The 'Rose' is one of the oldest examples of a cut stone and originates from the mid-sixteenth century. They are also known as the 'Antwerp Rose' and 'Dutch Cut' along with a number of other names. Nearly all Rose cut stones were mounted with a reflective foil back in an attempt to reflect some light through the crown – most came from Belgium. The most basic Rose cuts have three or six facets; this increased to 24 with the final iteration of the Rose cut – the 'Full Rose Cut'. They were mostly cut in Amsterdam which had taken over from Antwerp as the diamond centre of the world. Most Rose cuts tend to draw a little bit of colour. Diamonds were inspected by candlelight – slightly yellowish or greyish stones glowed warmly and were therefore appealing.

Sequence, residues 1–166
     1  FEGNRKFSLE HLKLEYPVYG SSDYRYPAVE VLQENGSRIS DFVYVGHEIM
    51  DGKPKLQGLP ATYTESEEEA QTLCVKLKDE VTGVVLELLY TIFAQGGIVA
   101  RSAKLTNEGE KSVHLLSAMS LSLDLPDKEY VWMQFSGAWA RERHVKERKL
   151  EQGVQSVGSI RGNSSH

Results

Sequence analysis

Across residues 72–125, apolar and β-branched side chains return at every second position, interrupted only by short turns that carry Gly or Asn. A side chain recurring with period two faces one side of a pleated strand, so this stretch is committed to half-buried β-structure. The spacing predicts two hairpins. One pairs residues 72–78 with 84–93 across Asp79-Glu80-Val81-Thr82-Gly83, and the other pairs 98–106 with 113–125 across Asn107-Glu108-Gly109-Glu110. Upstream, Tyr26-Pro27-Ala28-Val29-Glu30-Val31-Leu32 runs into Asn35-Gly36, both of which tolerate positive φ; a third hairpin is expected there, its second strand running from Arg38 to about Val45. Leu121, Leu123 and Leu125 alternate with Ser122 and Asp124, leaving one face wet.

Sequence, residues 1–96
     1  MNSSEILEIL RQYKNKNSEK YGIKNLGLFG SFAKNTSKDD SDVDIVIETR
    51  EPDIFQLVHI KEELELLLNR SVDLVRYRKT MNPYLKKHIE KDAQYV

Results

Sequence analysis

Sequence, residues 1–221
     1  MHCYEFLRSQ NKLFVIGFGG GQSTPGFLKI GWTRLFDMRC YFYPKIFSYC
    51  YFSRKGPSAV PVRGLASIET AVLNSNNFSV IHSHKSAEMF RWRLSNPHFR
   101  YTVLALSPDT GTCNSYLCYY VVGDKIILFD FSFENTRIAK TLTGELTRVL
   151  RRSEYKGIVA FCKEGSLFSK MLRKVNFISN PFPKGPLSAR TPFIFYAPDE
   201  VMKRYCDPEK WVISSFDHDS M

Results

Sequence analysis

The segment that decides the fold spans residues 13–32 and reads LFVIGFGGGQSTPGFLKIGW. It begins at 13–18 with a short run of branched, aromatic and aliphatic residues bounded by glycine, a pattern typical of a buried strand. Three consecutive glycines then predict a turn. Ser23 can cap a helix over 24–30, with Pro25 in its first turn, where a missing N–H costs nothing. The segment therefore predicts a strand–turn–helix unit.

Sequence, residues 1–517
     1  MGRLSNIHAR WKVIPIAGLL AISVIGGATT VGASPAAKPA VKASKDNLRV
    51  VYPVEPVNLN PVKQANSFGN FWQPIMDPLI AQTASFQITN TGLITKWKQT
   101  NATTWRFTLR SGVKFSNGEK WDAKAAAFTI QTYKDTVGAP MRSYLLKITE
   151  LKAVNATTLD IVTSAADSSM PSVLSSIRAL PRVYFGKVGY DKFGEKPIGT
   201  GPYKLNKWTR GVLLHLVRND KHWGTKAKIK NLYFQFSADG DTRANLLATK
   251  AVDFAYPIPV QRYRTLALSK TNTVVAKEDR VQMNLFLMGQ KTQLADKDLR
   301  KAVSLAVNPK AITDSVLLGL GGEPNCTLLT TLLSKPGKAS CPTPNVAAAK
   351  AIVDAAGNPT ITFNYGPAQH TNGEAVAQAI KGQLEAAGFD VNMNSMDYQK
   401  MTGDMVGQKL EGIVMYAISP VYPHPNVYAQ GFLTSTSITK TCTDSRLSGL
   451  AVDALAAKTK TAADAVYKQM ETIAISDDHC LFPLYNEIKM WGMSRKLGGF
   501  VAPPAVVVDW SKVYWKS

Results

Today, the majority of Rose cut stones will be found in seventeenth and eighteenth century antique jewellery. When brilliant cut stones became popular in the late nineteenth century, jewellers started buying up Rose cuts in order to have them recut into the more popular brilliant. As a result, good Rose cuts are very hard to come by.